Opposition to death penalty growing among Republicans, activists say
By Christine Rousselle
Washington D.C., Jan 21, 2020 / 06:00 pm (CNA).- The number of Republican state lawmakers opposed to capital punishment is growing, a conservative group claims, as anti-death penalty activists look forward to continued momentum from the right on this issue in 2020.
“The nation is down to only 25 states that still have an active death penalty system, of those, over a third have not used it in a decade or more,” Hannah Cox, National Manager of Conservatives Concerned About the Death Penalty, told CNA in a statement.
“We anticipate the downward trends to continue around capital punishment and expect to see more states join those that have repealed their systems over the next year.”
At the national level, the parties are divided on the issue.
The 2016 Republican Party platform stated that “The constitutionality of the death penalty is firmly settled by its explicit mention in the Fifth Amendment,” and that “With the murder rate soaring in our great cities, we condemn the Supreme Court’s erosion of the right of the people to enact capital punishment in their states.”
Conversely, the 2016 Democratic Party platform called for the abolition of capital punishment, which was refered to as “arbitrary and unjust.”
Despite the platform plank, Republican lawmakers seem relatively unafraid to introduce bills to repeal the practice.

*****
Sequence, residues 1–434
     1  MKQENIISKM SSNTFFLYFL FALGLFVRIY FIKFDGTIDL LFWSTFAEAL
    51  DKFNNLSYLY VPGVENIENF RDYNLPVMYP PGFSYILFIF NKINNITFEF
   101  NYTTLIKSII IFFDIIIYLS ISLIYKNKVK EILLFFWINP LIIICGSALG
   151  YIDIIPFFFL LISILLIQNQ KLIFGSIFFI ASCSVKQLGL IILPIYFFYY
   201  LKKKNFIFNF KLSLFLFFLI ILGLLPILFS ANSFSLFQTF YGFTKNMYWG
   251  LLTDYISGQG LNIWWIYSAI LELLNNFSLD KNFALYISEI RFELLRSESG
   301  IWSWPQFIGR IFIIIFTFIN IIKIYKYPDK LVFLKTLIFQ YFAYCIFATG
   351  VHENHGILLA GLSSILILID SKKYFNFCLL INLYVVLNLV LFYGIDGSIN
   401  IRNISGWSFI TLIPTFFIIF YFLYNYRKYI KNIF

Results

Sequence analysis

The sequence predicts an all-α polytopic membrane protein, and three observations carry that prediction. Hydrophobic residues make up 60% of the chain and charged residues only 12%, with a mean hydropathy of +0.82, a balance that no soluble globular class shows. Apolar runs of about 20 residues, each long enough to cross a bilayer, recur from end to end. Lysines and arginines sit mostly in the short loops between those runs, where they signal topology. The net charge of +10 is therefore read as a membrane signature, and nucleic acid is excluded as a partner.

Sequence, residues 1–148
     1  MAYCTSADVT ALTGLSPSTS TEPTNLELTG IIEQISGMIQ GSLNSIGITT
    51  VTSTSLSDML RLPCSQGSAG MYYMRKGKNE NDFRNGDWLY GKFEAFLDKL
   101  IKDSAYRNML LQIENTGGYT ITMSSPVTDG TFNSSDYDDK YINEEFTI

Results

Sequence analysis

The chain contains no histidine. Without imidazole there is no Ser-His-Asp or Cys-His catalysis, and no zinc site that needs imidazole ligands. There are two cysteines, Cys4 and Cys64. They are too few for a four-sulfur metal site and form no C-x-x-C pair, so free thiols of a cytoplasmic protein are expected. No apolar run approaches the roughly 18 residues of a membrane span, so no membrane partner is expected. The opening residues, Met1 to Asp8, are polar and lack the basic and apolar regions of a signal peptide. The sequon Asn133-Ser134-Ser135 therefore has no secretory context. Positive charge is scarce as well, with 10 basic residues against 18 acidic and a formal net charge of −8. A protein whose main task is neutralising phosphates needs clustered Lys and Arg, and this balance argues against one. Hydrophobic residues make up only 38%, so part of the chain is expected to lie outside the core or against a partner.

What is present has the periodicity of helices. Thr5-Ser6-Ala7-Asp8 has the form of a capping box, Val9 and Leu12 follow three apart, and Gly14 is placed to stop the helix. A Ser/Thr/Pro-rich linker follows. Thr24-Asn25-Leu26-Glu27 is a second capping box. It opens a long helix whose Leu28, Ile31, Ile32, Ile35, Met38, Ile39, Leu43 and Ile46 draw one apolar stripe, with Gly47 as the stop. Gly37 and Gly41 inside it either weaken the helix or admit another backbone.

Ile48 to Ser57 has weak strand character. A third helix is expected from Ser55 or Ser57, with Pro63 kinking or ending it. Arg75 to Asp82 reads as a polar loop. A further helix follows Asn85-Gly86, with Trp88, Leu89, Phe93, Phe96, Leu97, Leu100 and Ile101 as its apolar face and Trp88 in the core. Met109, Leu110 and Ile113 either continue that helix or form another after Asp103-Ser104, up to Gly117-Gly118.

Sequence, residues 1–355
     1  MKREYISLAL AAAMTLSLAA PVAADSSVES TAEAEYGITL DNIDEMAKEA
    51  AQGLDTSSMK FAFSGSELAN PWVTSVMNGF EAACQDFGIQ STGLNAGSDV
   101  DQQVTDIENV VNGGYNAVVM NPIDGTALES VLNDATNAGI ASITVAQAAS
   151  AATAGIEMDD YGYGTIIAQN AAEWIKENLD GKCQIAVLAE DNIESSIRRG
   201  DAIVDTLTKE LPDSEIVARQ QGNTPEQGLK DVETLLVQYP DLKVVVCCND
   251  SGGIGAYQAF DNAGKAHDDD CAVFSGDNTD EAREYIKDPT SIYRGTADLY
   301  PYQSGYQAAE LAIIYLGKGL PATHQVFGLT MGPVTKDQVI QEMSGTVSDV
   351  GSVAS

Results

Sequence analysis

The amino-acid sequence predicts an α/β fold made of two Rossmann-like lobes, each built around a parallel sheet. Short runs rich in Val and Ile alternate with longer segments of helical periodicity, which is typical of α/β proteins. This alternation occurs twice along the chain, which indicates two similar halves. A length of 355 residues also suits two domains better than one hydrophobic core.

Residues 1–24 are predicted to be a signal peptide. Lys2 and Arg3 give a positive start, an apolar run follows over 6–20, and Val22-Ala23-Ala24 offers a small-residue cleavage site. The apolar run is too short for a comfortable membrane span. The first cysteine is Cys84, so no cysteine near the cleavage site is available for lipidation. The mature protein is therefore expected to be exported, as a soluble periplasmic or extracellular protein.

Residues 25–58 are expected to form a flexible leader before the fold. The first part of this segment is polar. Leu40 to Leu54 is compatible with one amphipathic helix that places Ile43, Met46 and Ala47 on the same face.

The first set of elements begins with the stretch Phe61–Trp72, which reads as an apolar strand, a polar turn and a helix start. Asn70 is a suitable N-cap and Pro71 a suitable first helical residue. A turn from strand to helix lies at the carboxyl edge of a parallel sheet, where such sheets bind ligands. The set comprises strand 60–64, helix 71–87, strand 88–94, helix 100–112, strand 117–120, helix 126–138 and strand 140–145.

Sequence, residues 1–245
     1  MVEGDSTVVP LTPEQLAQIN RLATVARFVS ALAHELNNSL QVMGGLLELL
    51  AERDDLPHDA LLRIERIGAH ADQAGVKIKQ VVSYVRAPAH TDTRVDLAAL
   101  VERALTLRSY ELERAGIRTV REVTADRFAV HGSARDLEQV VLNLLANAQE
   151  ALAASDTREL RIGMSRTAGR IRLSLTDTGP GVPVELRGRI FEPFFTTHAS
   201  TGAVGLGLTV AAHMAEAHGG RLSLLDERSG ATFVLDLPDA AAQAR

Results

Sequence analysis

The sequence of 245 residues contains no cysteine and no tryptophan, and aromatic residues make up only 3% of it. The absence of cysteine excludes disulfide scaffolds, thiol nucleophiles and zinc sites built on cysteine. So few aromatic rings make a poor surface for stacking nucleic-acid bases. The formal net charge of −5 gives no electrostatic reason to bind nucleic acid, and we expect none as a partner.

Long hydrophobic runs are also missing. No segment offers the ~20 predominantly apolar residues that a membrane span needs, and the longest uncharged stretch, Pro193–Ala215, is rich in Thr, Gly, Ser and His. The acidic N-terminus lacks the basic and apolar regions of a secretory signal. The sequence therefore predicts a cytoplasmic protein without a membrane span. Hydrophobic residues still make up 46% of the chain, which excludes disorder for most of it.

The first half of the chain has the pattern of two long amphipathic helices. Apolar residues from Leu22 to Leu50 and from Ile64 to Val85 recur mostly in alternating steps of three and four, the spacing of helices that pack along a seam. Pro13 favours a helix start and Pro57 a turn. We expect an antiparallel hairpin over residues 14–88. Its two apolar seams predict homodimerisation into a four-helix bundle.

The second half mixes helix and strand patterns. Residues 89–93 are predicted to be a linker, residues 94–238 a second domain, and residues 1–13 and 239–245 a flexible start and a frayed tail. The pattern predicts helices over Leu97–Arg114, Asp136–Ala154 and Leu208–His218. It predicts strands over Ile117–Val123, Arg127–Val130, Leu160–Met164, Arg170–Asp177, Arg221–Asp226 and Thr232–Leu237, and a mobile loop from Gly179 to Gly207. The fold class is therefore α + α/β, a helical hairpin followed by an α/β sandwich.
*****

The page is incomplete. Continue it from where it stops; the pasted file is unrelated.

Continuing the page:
In the 2020 legislative season, five state legislatures are considering Republican-sponsored bills to overturn the death penalty: Colorado, Pennsylvania, Missouri, and Washington. Last year, repeal bills were introduced with Republican sponsors in 10 states. That is a two-state increase from 2018.
Out of the 10 states that considered bills to abolish the death penalty, one, in New Hampshire, passed, and went into effect in 2019. Another, in Wyoming, failed in the Senate.
New Hampshire repealed the death penalty for anyone who was convicted of capital murder after May 30, 2019. Although the bill was initially vetoed by Republican Gov. Chris Sununu, it was overruled by a two-thirds majority in both of the state’s legislative chambers.
In the veto vote, about 40% of the state’s Republican senators voted to overturn the death penalty.
With New Hampshire overturning the death penalty, there are now no states in New England where capital punishment is legal. There is, however, one man on the Granite State’s death row: Michael “Stix” Addison was convicted in 2008 after murdering a police officer, Michael Biggs. Addison is still eligible for the death penalty, unless his sentence is commuted to life in prison.
The last person executed in New Hampshire was executed in 1939. Several previous efforts in the 21st century to repeal the death penalty had failed.
In Wyoming, the bill to repeal the death penalty died in the state Senate, which is composed of 27 Republicans and three Democrats. The bill’s main sponsor was Republican Sen. Brian Boner.
The bill failed on a vote of 18-12. Wyoming has only executed one person since the Supreme Court ruled in 1977 that the death penalty is a legal punishment. There is nobody presently on the state’s death row.